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How Morgan Stanley scaled up Tableau self-service analytics

Morgan Stanley wanted to empower users to make data-driven decisions. A Tableau analytics platform was the answer. The problem: introducing it to 30,000 users.

Financial services company Morgan Stanley is adjusting its business models to market realities and using self-service analytics tools to fuel a huge part of its business. The company is using visual analytics, combined with a rigorous set of standards and robust data architecture, to push out a self-service analytics platform for its wealth management division.

According to Jeff Clendening, vice president of analytics and data at Morgan Stanley Wealth Management, the company's Tableau self-service analytics installation has enabled business analysts to create new reports and visualizations on the fly. Morgan Stanley can also push out experimentation with data to line-of-business leaders, branch managers and tens of thousands of individual financial advisers scattered across the country.

"We want to make more accurate, faster decisions [and] make them less manpower-intensive. We want to create a culture of decentralized analytics," Clendening explained during a session at last month's Tableau Conference 2018. "We thought, 'Wouldn't it be great if every analyst within the firm was able to use that date, use the platform, use access to data and be able to derive their own insight?' These are the people closest to their data; these are the people who are going to get the best insights from it."

How Morgan Stanley selected Tableau

The company's journey to Tableau self-service analytics began four years ago. A select number of data analytics team members were experimenting with ways to streamline how Morgan Stanley tapped into the vast wealth of data it had in various systems.

"We need to create feedback loops. We need the ability to fail fast," Clendening said. "Visualization needs to provide this. We need the ability to all look at it to know quickly if something is working, to keep investing; if it's not, to take that capital and deploy it somewhere else."

As the team members tinkered with Tableau, they realized it could be used to great effect to spearhead a self-service data analytics program.

We need the ability to all look at [visualizations] to know quickly if something is working, to keep investing; if it's not, to take that capital and deploy it somewhere else.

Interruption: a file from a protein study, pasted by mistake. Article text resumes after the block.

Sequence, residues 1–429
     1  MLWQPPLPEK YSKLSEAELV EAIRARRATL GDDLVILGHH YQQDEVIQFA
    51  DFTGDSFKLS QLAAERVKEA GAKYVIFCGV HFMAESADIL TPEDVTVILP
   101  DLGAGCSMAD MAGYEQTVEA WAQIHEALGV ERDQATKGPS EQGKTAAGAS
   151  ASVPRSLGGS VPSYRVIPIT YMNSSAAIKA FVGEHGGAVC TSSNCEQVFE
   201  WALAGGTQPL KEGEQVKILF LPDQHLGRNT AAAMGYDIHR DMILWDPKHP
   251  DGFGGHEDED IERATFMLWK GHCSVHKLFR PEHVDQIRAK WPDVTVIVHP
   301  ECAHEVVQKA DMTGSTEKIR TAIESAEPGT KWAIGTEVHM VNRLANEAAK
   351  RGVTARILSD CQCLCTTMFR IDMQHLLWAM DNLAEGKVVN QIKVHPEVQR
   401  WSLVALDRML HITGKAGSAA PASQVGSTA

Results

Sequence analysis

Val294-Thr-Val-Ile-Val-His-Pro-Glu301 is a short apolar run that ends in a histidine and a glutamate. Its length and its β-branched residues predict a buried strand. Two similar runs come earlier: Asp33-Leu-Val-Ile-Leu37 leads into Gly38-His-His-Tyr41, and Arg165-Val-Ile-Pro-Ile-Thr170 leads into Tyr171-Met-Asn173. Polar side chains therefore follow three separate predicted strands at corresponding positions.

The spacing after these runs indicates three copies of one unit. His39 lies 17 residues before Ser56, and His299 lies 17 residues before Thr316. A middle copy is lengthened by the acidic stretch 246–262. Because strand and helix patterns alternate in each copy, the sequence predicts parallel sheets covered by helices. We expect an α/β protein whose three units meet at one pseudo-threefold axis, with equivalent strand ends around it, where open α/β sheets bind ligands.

Jeff Clendeningvice president of analytics and data at Morgan Stanley Wealth Management

The basic idea was to link the Tableau self-service analytics platform to important data stores, with governance built in from the outset. Morgan Stanley put the data into the hands of business users and let them experiment with how to slice and dice data in meaningful ways. The business users then quickly prove out use cases for certain types of analytical modeling or visualizations -- when they find a winner, it's time to escalate. These self-published visualizations can then be kicked over to IT, which can optimize them and strengthen them for pushing them out at scale within organizationwide applications.

"Our platform provides a way for business users to do it themselves by building the visualization, publishing it in a controlled way, getting it approved and then engaging with IT to roll it out to everyone," said Ram Jois, executive director of enterprise information management at Morgan Stanley Wealth Management.

Key to making it happen was not only picking a user-friendly tool, but also developing a center of enablement to create the processes and sense of community to get users engaged, trained and using the platform.

"The core goal with the center of enablement was to drive as deep into the organization as possible, while at the same time providing a coordinated training, governance and quality-control function to ensure that all the output is accurate and consistent," Clendening said.

From 600 to 30,000 self-service analytics users

Once the analytics team learned the system, Morgan Stanley began scaling up the Tableau self-service analytics platform with power users in 2016. This was a community of more than 600 business analyst users -- the ones with the most experience working with the widest range of data. Those users were encouraged through formalized training, gamification that incentivized training and experimentation, and competitions for developing visualizations based on certain sets of data.

Once the power users were fully engaged, the company moved on to 3,000 branch managers and line-of-business leaders in 2017, embedding Tableau into their dashboards and training them up on ways to experiment with the data. In 2018, that program has been expanded out to 30,000 users, including 15,000 financial advisers -- the visualization self-publishing capability is built into their main application.

The self-service analytics tools are yielding very real benefits for Morgan Stanley and its financial advisers. One of the most heavily touted new features marketed to wealth management -- next-best action -- is directly derived from the self-service model that has sprung up in just the past several years. Clendening said Morgan Stanley hopes to continue this trend as data is further democratized out to the bounds of its organization.

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